Human Gyrovirus DNA in Human Blood, Italy - Vol. 18 No. 6 - June 2012 - Emerging Infectious Disease journal - CDC
Volume 18, Number 6–June 2012
Volume 18, Number 6—June 2012
Human Gyrovirus DNA in Human Blood, Italy
In 2011, Sauvage et al. reported the discovery of a novel virus in human skin specimens and named it human gyrovirus (HGyV) (1). The characteristics of its genome—a single, closed molecule of circular, negative-sense DNA ≈2,300 nt long—and sequence homology with the chicken anemia virus (CAV) have suggested that HGyV might be the first human-infecting member of the genus Gyrovirus, which is part of the family Circoviridae and encompasses only 1 previously known species, CAV (2).
Human gyrovirus (HGyV) is a recent addition to the list of agents found in humans. Prevalence, biologic properties, and clinical associations of this novel virus are still incompletely understood. We used qualitative PCRs to detect HGyV in blood samples of 301 persons from Italy. HGyV genome was detected in 3 of 100 solid organ transplant recipients and in 1 HIV-infected person. The virus was not detected in plasma samples from healthy persons. Furthermore, during observation, persons for whom longitudinal plasma samples were obtained had transient and scattered presence of circulating HGyV. Sequencing of a 138-bp fragment showed nucleotide identity among all the HGyV isolates. These results show that HGyV can be present in the blood of infected persons. Additional studies are needed to investigate possible clinical implications.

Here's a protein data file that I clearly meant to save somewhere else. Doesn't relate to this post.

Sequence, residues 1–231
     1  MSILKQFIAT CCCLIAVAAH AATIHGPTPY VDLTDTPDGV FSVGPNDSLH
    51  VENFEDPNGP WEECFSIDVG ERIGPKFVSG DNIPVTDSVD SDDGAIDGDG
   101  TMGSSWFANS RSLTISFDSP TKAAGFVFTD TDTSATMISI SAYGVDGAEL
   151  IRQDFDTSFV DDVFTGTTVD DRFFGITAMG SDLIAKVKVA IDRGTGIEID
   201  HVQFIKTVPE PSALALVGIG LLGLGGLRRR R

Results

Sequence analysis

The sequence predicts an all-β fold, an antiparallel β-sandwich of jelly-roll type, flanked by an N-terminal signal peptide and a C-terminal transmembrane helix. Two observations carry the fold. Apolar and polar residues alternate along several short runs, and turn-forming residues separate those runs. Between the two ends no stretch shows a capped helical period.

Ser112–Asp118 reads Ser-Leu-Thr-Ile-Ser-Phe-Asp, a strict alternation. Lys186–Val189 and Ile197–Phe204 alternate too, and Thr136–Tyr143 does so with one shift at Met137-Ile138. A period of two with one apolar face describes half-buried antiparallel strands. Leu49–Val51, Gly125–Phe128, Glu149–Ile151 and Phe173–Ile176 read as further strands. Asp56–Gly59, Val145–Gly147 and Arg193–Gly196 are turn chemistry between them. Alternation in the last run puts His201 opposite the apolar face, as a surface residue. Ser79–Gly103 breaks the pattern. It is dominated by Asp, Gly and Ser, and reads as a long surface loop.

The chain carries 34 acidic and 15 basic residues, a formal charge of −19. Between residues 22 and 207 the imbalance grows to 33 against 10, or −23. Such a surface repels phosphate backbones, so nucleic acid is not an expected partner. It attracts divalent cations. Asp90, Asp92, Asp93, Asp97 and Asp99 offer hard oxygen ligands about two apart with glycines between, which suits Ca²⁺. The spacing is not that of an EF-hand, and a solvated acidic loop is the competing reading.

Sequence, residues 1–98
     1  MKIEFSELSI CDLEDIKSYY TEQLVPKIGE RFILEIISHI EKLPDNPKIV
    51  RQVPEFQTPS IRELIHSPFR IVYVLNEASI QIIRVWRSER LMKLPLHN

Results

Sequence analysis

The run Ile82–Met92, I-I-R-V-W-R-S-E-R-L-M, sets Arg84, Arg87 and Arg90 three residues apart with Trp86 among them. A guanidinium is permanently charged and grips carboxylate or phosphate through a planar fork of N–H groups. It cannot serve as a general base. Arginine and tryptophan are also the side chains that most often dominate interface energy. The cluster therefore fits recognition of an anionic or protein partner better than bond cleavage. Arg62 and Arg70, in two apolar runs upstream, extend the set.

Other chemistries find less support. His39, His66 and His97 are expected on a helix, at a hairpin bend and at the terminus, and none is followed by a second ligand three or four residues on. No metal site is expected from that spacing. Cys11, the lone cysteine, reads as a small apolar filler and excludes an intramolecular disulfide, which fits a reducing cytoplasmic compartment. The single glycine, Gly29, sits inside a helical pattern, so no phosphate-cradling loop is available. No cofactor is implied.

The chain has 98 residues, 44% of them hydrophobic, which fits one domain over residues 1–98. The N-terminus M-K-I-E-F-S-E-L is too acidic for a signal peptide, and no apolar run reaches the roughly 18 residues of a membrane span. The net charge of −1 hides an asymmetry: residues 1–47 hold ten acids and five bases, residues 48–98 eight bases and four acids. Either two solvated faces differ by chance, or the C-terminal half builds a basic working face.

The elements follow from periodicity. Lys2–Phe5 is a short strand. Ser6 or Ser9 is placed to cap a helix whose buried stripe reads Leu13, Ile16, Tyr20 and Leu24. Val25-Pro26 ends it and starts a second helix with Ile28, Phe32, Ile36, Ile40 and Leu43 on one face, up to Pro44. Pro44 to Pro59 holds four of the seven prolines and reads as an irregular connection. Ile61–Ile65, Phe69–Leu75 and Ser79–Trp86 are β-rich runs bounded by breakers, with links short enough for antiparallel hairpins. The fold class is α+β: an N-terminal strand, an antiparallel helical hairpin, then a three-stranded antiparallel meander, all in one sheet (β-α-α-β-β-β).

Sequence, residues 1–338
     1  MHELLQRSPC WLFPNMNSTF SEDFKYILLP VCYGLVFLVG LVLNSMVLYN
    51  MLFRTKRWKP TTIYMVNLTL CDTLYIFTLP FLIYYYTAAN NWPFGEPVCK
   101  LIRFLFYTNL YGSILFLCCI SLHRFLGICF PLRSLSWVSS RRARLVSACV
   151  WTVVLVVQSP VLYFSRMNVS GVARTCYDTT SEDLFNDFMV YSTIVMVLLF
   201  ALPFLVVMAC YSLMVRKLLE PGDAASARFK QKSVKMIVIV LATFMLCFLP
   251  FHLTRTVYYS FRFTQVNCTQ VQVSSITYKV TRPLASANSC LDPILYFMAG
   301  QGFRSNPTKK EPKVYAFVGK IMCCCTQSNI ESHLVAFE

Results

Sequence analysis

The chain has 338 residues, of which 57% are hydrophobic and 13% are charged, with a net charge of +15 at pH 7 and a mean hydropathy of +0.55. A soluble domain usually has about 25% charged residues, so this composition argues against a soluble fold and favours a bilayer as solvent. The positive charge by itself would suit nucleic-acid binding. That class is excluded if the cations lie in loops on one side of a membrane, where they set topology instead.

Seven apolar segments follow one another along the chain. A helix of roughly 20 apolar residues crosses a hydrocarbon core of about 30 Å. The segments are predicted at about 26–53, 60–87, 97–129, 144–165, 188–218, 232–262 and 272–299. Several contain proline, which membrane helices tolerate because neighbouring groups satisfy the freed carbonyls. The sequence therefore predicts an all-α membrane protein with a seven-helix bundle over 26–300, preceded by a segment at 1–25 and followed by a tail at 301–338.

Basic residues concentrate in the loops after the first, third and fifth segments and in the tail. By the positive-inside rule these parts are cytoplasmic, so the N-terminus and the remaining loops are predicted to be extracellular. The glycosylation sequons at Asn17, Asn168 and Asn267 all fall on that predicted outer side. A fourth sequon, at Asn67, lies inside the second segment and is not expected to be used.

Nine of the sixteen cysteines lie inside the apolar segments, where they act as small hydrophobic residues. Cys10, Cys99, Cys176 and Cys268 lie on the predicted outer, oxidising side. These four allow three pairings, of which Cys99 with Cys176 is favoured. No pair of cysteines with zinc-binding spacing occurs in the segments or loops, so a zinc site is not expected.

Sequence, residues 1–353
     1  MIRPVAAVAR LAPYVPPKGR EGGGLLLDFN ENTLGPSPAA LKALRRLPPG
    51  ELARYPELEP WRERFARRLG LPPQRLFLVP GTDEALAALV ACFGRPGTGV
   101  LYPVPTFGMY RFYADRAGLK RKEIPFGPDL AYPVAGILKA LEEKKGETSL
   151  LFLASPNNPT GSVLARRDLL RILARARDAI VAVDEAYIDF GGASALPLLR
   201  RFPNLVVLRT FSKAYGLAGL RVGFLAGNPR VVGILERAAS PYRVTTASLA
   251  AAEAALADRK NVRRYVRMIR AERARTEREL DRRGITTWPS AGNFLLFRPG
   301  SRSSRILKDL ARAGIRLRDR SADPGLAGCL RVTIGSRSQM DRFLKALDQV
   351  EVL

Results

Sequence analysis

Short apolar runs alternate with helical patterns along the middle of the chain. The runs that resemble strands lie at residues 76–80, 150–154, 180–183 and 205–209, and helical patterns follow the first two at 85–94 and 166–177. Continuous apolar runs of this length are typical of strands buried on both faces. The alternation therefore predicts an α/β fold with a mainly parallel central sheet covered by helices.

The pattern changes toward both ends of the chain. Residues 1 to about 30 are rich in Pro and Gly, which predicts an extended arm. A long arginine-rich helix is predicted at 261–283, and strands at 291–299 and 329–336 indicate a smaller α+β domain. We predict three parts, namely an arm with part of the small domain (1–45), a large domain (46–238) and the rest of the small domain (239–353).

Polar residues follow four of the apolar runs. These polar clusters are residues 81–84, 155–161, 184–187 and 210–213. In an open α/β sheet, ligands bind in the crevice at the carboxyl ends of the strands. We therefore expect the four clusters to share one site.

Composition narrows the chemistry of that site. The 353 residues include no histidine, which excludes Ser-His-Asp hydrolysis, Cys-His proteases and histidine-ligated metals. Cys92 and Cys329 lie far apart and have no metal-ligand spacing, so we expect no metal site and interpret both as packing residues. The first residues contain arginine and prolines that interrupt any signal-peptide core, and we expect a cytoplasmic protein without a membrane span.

The genome of HGyV, which resembles CAV more closely than other members of the family (1,3), contains an untranslated region of ≈380 nt and 3 major partially overlapping open reading frames (named viral protein [VP] 1, VP2, and VP3) that encode proteins of 465, 231, and 31 aa, respectively. Whether HGyV and equivalent CAV proteins have similar functions is unknown. VP3 products of HGyV and CAV (for which the coded protein has been named apoptin) share short, functionally pivotal amino acid motifs, suggesting that HGyV also encodes an apoptin-like protein. The CAV apoptin induces tumor-specific apoptosis in a p53-independent fashion and has been shown to be a potential anticancer therapeutic agent in various animal models (4–8).
The epidemiology, biologic properties, and pathogenic potential of HGyV remain poorly understood. Sauvage et al. (1) detected the HGyV genome in nonlesional skin specimens of healthy persons and 1 HIV-positive patient but not in respiratory and fecal samples. This observation suggests that HGyV is most likely part of the normal skin microflora of humans, similarly to other recently discovered viruses (9,10). However, like related animal viruses, CAV infects a large range of cell types and causes a variety of pathologies (including bone marrow aplasia leading to aplastic anemia, hemorrhage, and lymphoid depletion) and increased death in young chicken (11). Also, CAV infection has been associated with the worsening of pathologies caused by other viral and bacterial agents (11–13).
Thus, because HGyV might cause clinically relevant disorders, guidance in choosing the directions for clinical investigation is crucial and needs to come from studies aimed at defining the prevalence of HGyV infection in different human populations, portal of entry, type of cells targeted during primary amplification, and site of latency/persistence. We investigated the presence of HGyV DNA in blood samples of 301 persons in Italy using specific PCRs. The results indicated overall HGyV positivity of 1.3%.